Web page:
Striking Hong Kong Dockworkers Can't Use Toilet During Negotiations
Imagine your workday was a little different than it is. Imagine spending twelve-hour shifts in a cramped space. You don’t get to leave for breaks to eat or even use the bathroom. You have to urinate out a window, defecate on a newspaper and roll it up so you can take it with you to throw away later. No sink to wash up. If you’re hungry, you’d better have brought a sandwich with you to that human-waste smelling workplace. Imagine.
The dockworkers at the Kwai Tsing dock in Hong Kong don’t have to imagine. That’s a description of the work conditions of their crane operators. That’s why they’re trying to slow the import and export operations at the Kwai Tsing dock.
And those are just some of the reasons dockworkers at the Kwai Tsing dock went on strike on March 28th.
The striking workers’ grievances also include over a decade of dedicated, hard work with barely a rise in pay. They are demanding a 17 to 24 percent pay rise.
On the 11th, talks with the contractors who hire the dockworkers broke down after an offer of only a 7 percent rise (with 2 percent of that being in benefits like buying meals) was offered.
The representatives of Global Stevedoring Service, one of the contractors, walked out on the negotiations while the strikers were on a bathroom break. I guess they’re serious about not allowing their workers the right to use a toilet.
It’s like they’re saying you can’t have a toilet break at work or in negotiations.
That’s a negotiations fail.
But the strikers are serious too. Seeing that their demands are not being taken seriously, the dockworkers who are on strike say they will take further action.
“We will escalate our action if there is no meaningful outcome from the next meeting with the subcontractors,” said Stanley Ho Wai-hong of the Confederation of Trade Unions.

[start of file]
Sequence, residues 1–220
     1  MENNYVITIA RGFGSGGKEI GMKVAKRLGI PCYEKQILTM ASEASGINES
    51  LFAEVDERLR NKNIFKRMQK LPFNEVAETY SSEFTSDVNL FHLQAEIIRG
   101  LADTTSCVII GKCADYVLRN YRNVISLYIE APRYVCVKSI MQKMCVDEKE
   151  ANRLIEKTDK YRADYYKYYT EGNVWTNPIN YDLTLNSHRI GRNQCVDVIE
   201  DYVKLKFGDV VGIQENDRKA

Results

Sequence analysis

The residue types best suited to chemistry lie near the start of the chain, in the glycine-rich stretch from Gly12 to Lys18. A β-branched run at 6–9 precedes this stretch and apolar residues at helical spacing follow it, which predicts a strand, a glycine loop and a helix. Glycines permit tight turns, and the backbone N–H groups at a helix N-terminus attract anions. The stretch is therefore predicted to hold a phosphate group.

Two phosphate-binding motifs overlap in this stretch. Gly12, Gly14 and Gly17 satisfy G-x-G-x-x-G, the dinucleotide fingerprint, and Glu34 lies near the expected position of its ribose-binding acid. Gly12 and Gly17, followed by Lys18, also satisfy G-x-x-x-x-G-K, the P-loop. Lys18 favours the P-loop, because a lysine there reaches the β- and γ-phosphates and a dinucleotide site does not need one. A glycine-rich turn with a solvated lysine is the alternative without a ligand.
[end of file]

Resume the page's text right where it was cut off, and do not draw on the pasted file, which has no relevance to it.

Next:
60 of the strikers took their protest directly to the offices of billionaire Li Ka-shing. Li owns Hongkong International Terminals (HIT); it’s the subsidiary of Li’s Hutchison Whampoa conglomerate and operates the Kwai Chung cargo terminal.
HIT doesn’t employ the striking workers directly. In fact, the direct employees of HIT who work on the docks are not on strike.
Still, most feel—and properly so, I would think—that HIT has a responsibility to the dockworkers/employees hired by the subcontracting companies they’ve hired, which employ the dockworkers.
The hope in raising banners and chanting at the Cheung Kong Centre in Central will get Li and HIT’s attention to do something about the situation.
HIT has sent a representative as an observer to the negotiations, but has not stepped in as of yet.
The working conditions of the dockworkers have garnered sympathy globally and gotten unions to step in from other countries.
Try imagining the working conditions described above happening in the United States. Try imagining workers in the U.S. allowing this to go on for years and years. Preposterous, right?
Shoot, at the docks of Los Angeles and Long Beach, we had the Office Clerical Unit (OCU) workers, who are the highest paid clerical workers in the whole country, go on strike last year.
However, the strongest union support from outside of China for the striking workers in Hong Kong is not coming from American unions, but from the British and Australian unions.
But more on the global support Hong Kong dockworkers are receiving in Thursday’s blog…